Time travel as a genre fiction concept is not new. There is “The Time Machine” by Wells, like the rest of his books, a venerable classics almost unreadable for modern audience (at least that’s my firm opinion, and I’ve read a few). Dr Who, a great tv series – with dozens of tie-in books – is based around time travel, and a new season is starting. And not long ago a short gem of a book was reviewed here. But I’m not going to write a history of a subgenre. My limited goal is to talk about a few specific examples of easy reads featuring time travel. As it will soon become clear – not pillars of the subgenre, but something from the guilty pleasure section of my library. Shelf with guns and simplistic political ideas, not the one to the rigth, with early Laurell K. Hamilton novels 😉
I remember seeing these books for the first time – way back in 90’s. The covers were in typical American style, informative but rather ugly (which is why they are not shown here at all 😉 – check this entry if you want a taste). What drew my attention to them was the name – Robin smacked of Sherwood and outlaws and all things Medieval. Yay! 😉 But those were the times when I still chose books based on their cover, so the Farseer Trilogy had to wait for its turn to be read for another decade.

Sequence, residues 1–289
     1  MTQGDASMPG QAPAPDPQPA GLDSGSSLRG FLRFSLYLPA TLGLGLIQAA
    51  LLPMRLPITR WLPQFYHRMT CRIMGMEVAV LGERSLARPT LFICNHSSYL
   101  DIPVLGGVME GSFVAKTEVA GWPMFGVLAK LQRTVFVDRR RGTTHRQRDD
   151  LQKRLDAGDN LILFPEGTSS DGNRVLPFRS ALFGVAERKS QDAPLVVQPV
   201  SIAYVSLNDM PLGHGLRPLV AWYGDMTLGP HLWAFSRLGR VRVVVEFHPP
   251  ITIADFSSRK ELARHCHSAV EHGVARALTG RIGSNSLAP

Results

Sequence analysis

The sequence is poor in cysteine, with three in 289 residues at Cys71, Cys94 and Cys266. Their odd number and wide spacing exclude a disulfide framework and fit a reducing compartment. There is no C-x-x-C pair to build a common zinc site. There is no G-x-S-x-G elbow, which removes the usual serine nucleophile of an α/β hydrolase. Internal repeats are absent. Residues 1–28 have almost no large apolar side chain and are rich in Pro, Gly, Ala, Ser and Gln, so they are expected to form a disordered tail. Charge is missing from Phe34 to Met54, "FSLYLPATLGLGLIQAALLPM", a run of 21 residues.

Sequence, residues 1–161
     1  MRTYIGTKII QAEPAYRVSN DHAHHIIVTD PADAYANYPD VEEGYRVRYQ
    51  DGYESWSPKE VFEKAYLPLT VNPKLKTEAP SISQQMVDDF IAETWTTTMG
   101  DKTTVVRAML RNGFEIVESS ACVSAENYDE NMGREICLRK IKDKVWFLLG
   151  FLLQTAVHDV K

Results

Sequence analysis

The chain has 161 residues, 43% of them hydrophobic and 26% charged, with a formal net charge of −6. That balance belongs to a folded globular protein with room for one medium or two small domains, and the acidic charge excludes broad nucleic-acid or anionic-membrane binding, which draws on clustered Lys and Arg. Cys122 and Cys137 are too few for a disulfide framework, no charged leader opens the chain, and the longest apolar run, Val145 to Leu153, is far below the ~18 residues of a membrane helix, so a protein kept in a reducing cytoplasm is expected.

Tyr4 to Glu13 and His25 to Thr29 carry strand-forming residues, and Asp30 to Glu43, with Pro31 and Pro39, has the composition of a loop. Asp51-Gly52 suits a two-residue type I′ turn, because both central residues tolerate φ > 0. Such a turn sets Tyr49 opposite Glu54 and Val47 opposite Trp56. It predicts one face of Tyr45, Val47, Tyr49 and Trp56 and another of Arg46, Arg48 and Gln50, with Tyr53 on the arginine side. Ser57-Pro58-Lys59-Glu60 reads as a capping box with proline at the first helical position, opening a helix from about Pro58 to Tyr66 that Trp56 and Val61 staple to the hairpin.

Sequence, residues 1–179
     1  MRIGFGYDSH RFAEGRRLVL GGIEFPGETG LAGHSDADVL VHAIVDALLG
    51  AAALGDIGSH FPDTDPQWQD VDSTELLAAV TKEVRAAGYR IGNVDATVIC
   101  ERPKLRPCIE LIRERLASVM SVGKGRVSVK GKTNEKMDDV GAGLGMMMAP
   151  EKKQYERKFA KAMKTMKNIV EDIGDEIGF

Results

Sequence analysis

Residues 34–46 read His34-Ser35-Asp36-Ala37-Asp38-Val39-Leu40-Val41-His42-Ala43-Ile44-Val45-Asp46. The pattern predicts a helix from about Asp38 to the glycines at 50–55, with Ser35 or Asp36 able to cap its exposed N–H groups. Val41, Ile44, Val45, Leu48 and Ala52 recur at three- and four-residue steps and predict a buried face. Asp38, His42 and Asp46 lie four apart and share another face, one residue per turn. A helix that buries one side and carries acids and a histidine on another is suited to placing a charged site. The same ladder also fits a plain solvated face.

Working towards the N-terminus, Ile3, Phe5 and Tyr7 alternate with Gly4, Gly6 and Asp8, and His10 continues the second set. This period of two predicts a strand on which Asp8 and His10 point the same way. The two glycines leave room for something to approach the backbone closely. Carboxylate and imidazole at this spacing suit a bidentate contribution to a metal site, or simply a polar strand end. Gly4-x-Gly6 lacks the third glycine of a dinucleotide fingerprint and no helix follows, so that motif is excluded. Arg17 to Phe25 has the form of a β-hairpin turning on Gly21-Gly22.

When I’ve finally started reading Assassin’s Apprentice I couldn’t stop. I devoured the next two books and went looking for more. Fitz and Fool quickly found their place among my favorite characters. And they’re still there.
Well, this time I’m the one on vacation, mostly hitch-hiking, but also reading. And listening to audiobooks & podcasts, because in the forest it’s risky to walk while holding a book 😉
But I’ve already admitted that I don’t have specific “summer reads”… so, just two recommendations, Dissecting Worlds Podcast & The Tough Guide To Fantasy Land:
Roadmarks’ original title was “The Last Exit to Babylon”, but the publisher declined it, so it became a part of the cover illustration instead. One of the best-known novels by Zelazny, Roadmarks is a rather short and seemingly unprepossessing, ending in less than 200 pages. As do most of Zelazny’s books, one might add ;). Roger Zelazny, as befits a poet, was a great believer in succinctness. Forget 700-pages bricks in hardcover, suitable mostly for beating somebody to death with them. If you want to read his works you will need to be content with stories tightly bound in a very limited amount of choice words.
The structure of this book is somewhat baffling at first – it starts with chapter “Two”, followed by “One” and then by another “Two”, and so on, right to the end. The names of the chapters have nothing to do with chronological order, they are just two perspectives on the events happening in this book: “One” follows the fate of the main protagonist, Red Dorakeen, while “Two” shows us jumbled in time vignettes of other Roadmarks characters: from Randy, Red’s son, through a bunch of all-time assassins, to a left-over alien killing machine currently engaged in the art of pottery, and finally to dragons. Apparently Zelazny wrote all “Twos” and then shuffled them and inserted each between the chronologically structured “Ones” in this new, chaotic way. It was supposed to serve as a physical reminder that on the Road there’s no such thing as timeline – whether successful or not, that is the reader’s decision.